After learning how does database replication works, let’s look into the benefits of the replication. The process of Data Replication can provide the following major advantages to your business:

  • Ensure a consistent copy of the data across all nodes in the Database. As a result of this, data is more easily available.
  • Data reliability is enhanced by Data Replication. Moreover, it allows multiple users and provides high performance.
  • To eliminate any data redundancy, Master Databases and slave Databases are updated with stale or incomplete data.
  • Because copies are made, there is a possibility that the data will be present where the transaction is being performed. This reduces data movement. It increases the speed of query execution which saves you and your company a lot of time.
  • A distributed database that is replicated needs less computing power on each database replication SQL server. This translates to improved query performance.
  • More localized data access results from having copies of your data spread across several sites, which can enhance network performance. Those who work in satellite offices will find this very beneficial.
  • Enhance the applications that rely on databases in terms of availability and scaling. Enabling BI and data analytics tools on non-production systems is part of this.

What are the Types of Database Replication?

When it comes to Database Replication, there are generally the following 3 types of Data Replication possible from Databases:

1) Full Replication

Full Database Replication
Full Database Replication

As the name suggests, Full Database Replication involves copying of everything, including existing, updated, and new data from the source to the target. This method is helpful if the records are hard deleted from the source regularly or if the source has not a suitable column for Key Based Incremental or Log Based. 


You can make sure that all inserts, updates, and deletes are recorded since this duplicates the complete table, so you will always have the proper data set after each sync.

Drawbacks that this method

  • It requires more processing power.
  • Generates larger network loads than just copying only changed data.
  • Cost increases as the number of rows getting copied increases, irrespective of the tool you are using.  
  • This kind of DB replication uses a lot of resources and is the least effective as it duplicates all of the data in a table, regardless of whether it has changed or not. Depending on the amount and quantity of the data in the tables, this may potentially result in a burst strain on the source.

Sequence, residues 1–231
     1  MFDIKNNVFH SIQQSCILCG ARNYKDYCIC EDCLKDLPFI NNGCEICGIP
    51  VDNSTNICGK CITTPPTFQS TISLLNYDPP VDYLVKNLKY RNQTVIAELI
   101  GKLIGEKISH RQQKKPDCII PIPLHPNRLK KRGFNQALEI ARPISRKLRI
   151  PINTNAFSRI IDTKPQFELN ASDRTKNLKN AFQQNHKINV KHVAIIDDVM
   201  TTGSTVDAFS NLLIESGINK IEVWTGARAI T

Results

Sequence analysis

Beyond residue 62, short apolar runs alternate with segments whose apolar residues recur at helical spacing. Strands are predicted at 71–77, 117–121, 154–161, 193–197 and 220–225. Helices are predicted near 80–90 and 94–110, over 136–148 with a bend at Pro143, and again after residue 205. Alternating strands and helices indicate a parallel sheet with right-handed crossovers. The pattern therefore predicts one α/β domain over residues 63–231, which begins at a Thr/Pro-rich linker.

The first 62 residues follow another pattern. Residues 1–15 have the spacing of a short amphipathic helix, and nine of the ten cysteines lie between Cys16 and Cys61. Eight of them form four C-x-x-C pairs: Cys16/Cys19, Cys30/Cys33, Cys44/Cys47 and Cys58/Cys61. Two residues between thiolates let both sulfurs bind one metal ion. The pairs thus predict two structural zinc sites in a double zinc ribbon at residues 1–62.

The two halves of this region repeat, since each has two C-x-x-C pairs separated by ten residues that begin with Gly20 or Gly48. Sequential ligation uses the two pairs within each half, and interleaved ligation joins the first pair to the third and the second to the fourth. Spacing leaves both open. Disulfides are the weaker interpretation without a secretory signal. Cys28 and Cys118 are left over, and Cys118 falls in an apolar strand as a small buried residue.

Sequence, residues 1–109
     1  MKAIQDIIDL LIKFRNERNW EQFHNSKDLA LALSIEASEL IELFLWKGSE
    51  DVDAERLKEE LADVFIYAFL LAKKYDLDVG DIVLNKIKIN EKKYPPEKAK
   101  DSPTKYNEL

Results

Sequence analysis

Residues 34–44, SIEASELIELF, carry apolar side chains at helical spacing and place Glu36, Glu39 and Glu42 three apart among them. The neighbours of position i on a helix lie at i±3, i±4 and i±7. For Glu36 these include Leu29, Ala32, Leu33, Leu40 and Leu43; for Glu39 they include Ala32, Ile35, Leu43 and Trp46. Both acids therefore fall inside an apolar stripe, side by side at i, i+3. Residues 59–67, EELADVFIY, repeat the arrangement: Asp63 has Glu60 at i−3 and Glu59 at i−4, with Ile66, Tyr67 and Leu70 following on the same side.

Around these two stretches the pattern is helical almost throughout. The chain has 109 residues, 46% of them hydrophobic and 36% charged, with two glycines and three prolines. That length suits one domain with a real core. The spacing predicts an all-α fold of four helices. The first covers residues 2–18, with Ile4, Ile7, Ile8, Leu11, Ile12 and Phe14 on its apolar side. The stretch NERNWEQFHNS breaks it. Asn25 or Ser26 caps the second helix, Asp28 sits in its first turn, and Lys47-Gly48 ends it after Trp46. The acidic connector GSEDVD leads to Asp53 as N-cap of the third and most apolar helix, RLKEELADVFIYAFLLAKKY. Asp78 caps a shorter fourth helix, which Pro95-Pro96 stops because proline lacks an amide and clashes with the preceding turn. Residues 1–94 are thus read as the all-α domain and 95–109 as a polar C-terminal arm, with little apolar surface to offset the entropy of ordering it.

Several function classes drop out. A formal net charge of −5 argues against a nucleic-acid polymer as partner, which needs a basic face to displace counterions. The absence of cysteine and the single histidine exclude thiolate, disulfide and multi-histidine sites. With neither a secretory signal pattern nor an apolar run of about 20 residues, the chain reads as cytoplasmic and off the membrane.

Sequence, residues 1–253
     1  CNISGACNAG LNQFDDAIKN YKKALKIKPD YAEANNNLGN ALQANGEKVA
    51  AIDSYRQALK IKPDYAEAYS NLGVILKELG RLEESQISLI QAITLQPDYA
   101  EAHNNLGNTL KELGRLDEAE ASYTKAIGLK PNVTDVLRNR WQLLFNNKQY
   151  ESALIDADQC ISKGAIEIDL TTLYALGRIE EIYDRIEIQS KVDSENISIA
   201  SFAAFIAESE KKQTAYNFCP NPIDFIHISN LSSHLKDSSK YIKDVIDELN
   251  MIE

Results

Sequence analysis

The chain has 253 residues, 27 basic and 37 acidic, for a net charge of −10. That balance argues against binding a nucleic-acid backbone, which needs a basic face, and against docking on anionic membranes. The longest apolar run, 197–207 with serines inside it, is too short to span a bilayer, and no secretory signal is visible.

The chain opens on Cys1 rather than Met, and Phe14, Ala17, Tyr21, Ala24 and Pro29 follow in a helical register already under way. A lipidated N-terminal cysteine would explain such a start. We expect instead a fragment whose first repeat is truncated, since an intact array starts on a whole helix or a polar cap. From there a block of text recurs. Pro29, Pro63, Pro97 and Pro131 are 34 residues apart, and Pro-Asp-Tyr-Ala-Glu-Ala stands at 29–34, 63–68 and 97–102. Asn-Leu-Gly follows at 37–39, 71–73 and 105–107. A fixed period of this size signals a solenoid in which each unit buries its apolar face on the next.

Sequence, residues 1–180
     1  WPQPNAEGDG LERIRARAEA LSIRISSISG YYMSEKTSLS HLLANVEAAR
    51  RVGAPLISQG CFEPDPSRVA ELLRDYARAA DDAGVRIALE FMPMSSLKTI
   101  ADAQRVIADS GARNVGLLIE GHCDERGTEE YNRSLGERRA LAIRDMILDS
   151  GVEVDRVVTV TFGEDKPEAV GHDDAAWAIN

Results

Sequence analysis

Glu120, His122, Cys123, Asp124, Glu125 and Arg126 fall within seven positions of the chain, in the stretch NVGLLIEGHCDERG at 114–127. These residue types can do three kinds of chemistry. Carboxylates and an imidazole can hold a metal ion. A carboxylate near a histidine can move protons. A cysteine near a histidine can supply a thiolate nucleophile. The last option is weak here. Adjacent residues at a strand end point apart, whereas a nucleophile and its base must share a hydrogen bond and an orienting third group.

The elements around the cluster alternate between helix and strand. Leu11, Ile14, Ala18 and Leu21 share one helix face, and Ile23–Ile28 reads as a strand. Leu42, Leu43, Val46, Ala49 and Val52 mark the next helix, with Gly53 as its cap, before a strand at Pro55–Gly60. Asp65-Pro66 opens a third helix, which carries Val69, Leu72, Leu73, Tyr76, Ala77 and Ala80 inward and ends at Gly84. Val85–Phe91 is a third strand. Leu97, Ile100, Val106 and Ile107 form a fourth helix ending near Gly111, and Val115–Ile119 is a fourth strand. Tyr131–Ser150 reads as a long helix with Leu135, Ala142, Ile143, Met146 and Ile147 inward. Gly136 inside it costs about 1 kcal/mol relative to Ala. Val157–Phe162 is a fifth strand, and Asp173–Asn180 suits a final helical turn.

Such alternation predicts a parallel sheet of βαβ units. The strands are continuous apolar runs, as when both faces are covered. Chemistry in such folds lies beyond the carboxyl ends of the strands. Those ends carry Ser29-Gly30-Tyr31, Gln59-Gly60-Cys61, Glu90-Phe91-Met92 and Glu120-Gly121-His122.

2) Key-Based Incremental

Key-Based Incremental Data Replication
Key-Based Incremental Data Replication

Key-Based Incremental Data Replication is a method in which the data sources, like PostgreSQL, Oracle, Kafka, Snowflake, and SalesForce, etc. identify new and updated data using the column called the Replication Key. A key can be a timestamp, integer, or datestamp column that exists in the source table. 

When you are Replicating the table using Key-based Incremental Replication, the following things will happen:

  • During a replication job, PipelineWise stores the maximum value of the table’s replication key column. 
  • During the next replication job, the above-stated data sources will compare saved values from the previous job to the Replication key column values in the source. 
  • Any rows in the table with a Replication Key greater than or equal to the stored value are replicated. 
  • PipelineWise stores the new maximum value from the table’s Replication key column.

The following SQL query is related to the above-mentioned method:

SELECT replication_key_column,
FROM schema.table
WHERE replication_key_column >= 'last_saved_maximum_value'

Key-Based Replication is a popular method, and it becomes very active, especially when Log-Based Replication is not working. 

Please note that Key-based incremental Replication does not detect deletes in the source.   


Because it simply copies updated and inserted rows, key-based incremental replication uses less resources than other forms of database replication.


Hard-deleted data from a database cannot be restored to the location of your choice unless a significant amount of time and effort is dedicated to procedures that can detect deletes.